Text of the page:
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Hiking in Indiana
Indiana Dunes National Lakeshore, Indiana1100 North Mineral Springs Road
Porter, IN 46304
Phone: (219) 395-1882
Description: Indiana Dunes National Park hugs 15 miles of the southern shore of Lake Michigan and has much to offer. Whether you enjoy scouting for rare species of birds or flying kites on the sandy beach, the national park's 15,000 acres will continually enchant you. Hikers will enjoy 50 miles of trails over rugged dunes, mysterious wetlands, sunny prairies, meandering rivers and peaceful forests.
Bigbee Bottom Trail
Demopolis Lower Pool Trail
Foscue Creek Nature Trail
Forkland Nature Trail
Jennings Ferry Nature Trail
Rocky Branch Trail
Gobbler Ridge Trail (Deerlick Creek Campground)
Beech Tree Hollow Trail
Related Hiking News in Indiana
USA Hiking News
Be Safe, Be Smart
Tell somebody where you are going and when you plan to return, in case you get injured or lost. Best to inform the rangers and your friends.
Please observe the following safety tips
Do not leave children unsupervised.
Please stay on the developed trail.
Be careful when walking the trail. Watch your step & stay away from steep grades.
Be aware that poisonous snakes & stinging insects may be encountered.
Enjoy wildlife & plant life by looking at it. Take only memories & leave only footprints.
Please carry out all trash & litter.
American Hiking Society
Founded in 1976, American Hiking Society is the only national organization that promotes and protects foot trails, their surrounding natural areas, and the hiking experience. As the national voice for hikers, American Hiking Society recognizes that foot trails and hiking are essential to connect people with nature, conserve open space, provide biological corridors for diverse plants and wildlife, and for the health of Americans and our natural environment. We represent millions of hikers who are committed to beautiful places to hike and believe that the preservation of hiking trails and their environments is important and a worthwhile legacy to leave future generations.
Hiker Survives 4 Days Without Food: What Food You Need to Survive
If you're planning a hiking or backpacking trip in the near future (it is camping weather, after all), we've rounded up backpacking tips and what food essentials to pack from Wild Backpacker and Trails.com.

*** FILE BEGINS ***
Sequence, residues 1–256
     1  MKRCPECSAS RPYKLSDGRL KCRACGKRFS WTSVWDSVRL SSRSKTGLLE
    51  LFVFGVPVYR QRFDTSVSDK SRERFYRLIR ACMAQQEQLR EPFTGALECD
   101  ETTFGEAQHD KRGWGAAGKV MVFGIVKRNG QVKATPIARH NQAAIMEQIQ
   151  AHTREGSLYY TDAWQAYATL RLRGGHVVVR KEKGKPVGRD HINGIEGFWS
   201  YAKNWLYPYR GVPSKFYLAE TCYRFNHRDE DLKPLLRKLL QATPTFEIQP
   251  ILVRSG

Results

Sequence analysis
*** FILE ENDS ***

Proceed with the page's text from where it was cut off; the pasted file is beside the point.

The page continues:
Don't skimp on the calories. You should pack about 3,000 to 4,000 calories per person, per day — that's about 1 to 2 pounds per person. Dehydrated foods can provide tasty meals while lightening the load.
Carbs and fruits are your friends. Why? They provide an essential energy boost, crucial for long hikes and hungry nights. Pack some granola, energy bars, candy, and gorp.
Get your daily value of protein, too. The amino acids are essential for metabolism, and therefore for producing your body's energy.
Potato chips and greasy snacks aren't just good snacks; they're also fire-starters should you run out of matches — pack a few extra bags, just in case.
The ultimate survival food kit: beef jerky, nut mixes (unsalted), and PowerBars.
The Appalachian National Scenic Trail, generally known as the Appalachian Trail or simply the AT, is a marked hiking trail in the eastern United States extending between Springer Mountain in Georgia and Mount Katahdin in Maine. It is approximately 2,184 miles long. The trail passes through the states of Georgia, North Carolina, Tennessee, Virginia, West Virginia, Maryland, Pennsylvania, New Jersey, New York, Connecticut, Massachusetts, Vermont, New Hampshire, and Maine. The path is maintained by 30 trail clubs and multiple partnerships, and managed by the National Park Service and the nonprofit Appalachian Trail Conservancy. The majority of the trail is in wilderness, although some portions traverse towns, roads and cross rivers.
The Appalachian Trail is famous for its many hikers, some of whom, called thru-hikers, attempt to hike it in its entirety in a single season. Many books, memoirs, web sites and fan organizations are dedicated to this pursuit. An unofficial extension known as the International Appalachian Trail, continues north into Canada and to the end of the range, where it enters the Atlantic Ocean.
The Appalachian Trail, the Continental Divide Trail and the Pacific Crest Trail form what is known as the Triple Crown of long distance hiking in the United States.
Continental Divide Trail